Joint Commission announces new requirements on obstetrics

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 - BabyBorn

Hospitals accredited by the Joint Commission which offer services for labor and delivery will have three new documentation elements of performance (EPs) beginning on July 1.

“These EPs are designed to improve the identification of mothers upon admission to labor and delivery who are at risk for transmitting certain infectious diseases to their newborns so that the mother and/or the newborn can be treated promptly to prevent harm,” the commission said.

Applying to both hospitals and critical access hospitals (CAHs), the new EPs deal with testing for and documenting the following diseases:

  • HIV
  • Hepatitis B
  • Group B Streptococcus (GBS)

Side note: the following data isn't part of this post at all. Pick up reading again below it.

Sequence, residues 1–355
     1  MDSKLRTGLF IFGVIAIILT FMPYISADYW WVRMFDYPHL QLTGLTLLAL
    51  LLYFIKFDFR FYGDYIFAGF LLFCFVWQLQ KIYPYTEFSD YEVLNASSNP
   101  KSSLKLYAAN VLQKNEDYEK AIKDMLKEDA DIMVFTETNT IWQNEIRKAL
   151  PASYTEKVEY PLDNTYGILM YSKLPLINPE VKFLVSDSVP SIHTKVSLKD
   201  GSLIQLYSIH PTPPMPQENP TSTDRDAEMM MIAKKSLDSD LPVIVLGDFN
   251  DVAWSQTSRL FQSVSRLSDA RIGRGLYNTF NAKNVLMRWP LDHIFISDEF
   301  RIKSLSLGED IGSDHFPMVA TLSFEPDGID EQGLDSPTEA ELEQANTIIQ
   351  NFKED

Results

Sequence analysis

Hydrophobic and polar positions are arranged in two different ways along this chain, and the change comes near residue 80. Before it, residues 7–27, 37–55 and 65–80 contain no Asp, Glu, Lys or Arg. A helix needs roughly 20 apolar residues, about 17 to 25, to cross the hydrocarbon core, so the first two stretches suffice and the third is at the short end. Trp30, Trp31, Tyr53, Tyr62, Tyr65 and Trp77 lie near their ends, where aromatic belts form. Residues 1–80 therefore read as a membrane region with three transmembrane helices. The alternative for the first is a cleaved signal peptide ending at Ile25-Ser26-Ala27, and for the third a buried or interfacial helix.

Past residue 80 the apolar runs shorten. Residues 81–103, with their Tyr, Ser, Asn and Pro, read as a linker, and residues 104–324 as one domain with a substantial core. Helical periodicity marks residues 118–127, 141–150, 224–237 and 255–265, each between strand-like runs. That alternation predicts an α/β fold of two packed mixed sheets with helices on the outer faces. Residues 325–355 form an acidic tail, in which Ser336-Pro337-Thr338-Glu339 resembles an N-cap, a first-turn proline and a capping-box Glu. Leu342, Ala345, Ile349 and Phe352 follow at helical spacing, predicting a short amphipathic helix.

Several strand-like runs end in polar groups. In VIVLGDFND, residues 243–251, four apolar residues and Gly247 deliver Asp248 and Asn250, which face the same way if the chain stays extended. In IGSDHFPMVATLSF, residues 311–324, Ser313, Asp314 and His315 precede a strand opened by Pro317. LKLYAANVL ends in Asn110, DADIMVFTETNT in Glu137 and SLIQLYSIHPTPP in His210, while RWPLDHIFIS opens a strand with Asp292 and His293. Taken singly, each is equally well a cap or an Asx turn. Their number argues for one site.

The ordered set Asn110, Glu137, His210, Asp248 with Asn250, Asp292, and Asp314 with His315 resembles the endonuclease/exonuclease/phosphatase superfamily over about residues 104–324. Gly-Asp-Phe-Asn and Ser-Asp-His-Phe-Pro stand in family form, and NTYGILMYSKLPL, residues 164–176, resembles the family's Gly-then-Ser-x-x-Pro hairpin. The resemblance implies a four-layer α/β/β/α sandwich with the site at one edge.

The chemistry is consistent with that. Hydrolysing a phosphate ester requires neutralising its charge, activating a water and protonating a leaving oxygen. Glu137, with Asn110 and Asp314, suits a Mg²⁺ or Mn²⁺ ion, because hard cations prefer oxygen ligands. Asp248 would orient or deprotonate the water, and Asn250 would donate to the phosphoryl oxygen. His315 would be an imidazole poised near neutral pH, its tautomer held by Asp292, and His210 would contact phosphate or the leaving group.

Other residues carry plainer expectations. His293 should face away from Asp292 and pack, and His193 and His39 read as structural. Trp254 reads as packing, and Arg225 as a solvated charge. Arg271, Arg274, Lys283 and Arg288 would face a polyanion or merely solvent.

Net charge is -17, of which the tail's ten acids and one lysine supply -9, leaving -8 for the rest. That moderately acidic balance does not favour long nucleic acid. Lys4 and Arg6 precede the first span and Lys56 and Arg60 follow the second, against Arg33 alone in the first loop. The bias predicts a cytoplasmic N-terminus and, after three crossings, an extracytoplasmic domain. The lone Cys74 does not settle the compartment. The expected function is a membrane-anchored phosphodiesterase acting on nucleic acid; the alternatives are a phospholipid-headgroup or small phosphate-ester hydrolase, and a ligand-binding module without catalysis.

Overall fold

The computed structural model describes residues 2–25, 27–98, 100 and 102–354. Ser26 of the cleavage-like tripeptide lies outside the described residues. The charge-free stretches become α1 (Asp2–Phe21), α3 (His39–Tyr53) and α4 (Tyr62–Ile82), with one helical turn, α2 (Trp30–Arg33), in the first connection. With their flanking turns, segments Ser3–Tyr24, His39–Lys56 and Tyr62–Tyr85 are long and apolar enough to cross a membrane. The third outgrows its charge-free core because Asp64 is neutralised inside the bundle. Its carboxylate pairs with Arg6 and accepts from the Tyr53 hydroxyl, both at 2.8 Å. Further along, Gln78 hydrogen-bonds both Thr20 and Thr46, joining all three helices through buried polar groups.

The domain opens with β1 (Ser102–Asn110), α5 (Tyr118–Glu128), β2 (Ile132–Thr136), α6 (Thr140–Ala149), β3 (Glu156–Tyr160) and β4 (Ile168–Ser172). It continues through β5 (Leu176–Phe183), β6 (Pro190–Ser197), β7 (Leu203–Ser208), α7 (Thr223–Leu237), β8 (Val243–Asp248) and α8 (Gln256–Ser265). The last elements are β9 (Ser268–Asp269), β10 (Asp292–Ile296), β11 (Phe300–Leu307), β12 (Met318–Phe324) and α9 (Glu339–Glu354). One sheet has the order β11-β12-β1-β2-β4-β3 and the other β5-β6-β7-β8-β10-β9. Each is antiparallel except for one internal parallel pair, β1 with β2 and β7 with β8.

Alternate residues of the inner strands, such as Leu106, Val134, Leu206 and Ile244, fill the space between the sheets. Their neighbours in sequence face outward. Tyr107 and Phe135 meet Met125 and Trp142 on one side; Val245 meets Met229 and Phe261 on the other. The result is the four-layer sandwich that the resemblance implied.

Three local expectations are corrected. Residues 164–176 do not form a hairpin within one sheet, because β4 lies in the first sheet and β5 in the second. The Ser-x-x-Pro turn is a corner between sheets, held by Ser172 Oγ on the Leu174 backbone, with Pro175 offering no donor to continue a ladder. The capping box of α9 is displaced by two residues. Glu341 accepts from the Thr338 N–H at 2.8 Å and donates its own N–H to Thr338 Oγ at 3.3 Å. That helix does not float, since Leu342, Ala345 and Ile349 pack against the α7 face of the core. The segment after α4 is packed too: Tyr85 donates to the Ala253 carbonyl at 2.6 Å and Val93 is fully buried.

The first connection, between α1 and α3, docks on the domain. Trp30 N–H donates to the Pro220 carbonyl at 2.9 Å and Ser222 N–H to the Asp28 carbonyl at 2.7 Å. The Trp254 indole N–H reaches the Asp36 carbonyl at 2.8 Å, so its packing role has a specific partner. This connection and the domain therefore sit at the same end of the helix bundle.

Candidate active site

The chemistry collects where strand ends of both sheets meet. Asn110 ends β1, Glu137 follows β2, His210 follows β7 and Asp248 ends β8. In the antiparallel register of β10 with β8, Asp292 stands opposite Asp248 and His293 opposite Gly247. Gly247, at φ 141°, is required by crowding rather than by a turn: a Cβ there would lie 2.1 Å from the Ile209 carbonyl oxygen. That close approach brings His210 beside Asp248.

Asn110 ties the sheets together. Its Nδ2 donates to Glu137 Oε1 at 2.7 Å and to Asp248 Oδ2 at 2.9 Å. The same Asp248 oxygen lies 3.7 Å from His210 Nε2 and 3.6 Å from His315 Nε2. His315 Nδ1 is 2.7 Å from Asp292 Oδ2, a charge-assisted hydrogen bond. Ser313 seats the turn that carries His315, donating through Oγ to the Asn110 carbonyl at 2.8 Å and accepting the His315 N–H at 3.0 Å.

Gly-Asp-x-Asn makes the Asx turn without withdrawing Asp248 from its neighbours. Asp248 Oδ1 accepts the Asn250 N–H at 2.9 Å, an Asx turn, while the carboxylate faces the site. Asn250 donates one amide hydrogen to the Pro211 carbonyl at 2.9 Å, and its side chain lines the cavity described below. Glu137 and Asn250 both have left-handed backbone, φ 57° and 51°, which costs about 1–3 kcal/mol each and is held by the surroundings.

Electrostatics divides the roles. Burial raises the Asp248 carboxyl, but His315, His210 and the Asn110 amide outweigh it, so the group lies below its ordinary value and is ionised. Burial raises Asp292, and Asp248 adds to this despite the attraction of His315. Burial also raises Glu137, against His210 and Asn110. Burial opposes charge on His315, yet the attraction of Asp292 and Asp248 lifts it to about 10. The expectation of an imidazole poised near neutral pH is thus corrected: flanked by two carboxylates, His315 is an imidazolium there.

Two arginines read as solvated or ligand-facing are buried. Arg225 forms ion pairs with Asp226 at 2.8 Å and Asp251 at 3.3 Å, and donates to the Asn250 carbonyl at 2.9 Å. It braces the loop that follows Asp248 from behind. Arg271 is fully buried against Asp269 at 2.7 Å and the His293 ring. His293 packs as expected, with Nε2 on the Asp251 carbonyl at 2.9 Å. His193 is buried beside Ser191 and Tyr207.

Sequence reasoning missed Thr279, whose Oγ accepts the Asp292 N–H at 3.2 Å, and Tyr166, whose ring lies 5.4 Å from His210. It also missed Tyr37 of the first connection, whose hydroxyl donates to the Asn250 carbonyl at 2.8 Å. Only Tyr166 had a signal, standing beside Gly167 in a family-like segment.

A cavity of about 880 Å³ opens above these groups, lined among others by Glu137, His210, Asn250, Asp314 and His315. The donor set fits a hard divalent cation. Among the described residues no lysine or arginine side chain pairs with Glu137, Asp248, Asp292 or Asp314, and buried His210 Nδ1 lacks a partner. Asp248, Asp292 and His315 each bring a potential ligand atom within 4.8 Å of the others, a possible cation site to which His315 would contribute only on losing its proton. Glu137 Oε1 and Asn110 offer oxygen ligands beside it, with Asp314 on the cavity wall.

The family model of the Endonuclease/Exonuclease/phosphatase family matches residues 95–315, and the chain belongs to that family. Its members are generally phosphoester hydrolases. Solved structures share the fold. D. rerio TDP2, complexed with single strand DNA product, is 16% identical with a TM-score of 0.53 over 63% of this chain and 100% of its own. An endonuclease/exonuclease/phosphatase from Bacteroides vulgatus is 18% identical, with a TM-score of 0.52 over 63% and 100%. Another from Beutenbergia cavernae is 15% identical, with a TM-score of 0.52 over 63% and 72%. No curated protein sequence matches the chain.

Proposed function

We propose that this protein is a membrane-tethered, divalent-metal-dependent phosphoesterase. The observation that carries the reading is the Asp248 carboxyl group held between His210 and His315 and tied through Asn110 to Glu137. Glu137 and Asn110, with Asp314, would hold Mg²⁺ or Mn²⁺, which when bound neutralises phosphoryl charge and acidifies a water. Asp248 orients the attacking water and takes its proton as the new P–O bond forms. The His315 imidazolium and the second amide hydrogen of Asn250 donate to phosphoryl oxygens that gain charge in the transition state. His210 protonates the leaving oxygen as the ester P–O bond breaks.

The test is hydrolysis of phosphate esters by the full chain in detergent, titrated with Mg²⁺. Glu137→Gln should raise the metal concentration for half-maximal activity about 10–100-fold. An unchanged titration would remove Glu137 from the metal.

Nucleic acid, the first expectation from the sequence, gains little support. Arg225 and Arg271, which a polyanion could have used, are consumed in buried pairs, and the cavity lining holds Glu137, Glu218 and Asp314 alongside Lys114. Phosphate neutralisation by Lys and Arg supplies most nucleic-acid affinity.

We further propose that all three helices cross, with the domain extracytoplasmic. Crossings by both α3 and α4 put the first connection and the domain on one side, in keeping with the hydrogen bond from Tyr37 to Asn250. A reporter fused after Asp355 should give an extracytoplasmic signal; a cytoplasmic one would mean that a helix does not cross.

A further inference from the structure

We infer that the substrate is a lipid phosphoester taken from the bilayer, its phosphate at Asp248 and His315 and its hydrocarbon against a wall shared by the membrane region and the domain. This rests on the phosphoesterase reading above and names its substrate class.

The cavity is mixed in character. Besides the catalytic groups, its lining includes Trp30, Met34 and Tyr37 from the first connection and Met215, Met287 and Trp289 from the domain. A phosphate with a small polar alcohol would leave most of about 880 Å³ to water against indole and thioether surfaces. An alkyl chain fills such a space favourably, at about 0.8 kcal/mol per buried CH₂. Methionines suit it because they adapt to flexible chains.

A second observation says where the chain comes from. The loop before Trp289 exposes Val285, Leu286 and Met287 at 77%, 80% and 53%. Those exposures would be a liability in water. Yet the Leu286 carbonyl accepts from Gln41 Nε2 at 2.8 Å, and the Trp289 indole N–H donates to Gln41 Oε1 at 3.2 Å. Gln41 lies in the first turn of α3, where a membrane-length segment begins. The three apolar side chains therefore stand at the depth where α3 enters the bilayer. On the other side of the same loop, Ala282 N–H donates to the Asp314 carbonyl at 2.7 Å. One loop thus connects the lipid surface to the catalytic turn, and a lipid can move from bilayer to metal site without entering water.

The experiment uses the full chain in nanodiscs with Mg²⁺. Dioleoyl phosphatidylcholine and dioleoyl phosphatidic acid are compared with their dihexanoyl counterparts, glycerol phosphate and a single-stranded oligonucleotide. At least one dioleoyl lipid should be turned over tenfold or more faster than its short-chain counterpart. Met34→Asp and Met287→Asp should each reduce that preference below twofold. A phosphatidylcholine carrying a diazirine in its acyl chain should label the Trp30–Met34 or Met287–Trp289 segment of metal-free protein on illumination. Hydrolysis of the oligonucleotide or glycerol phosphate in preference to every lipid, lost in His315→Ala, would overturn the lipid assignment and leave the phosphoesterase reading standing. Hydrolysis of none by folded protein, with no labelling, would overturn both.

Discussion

• Syphilis

Hospitals will have to document their status of those disease in the patient’s medical record upon admission for labor or delivery. If disease status is unknown or no prenatal care had been recorded, the hospitals will need to test for those diseases. If the patient tests positive for any of those conditions, hospitals will need to ensure that information is also documented into the newborn’s medical record so they can be tested and treated.

“Some electronic health record systems are programmed to automatically transfer this information from the mother’s record to the newborn’s record; however, this is not always the case,” the commission said in its rationale for the new requirements.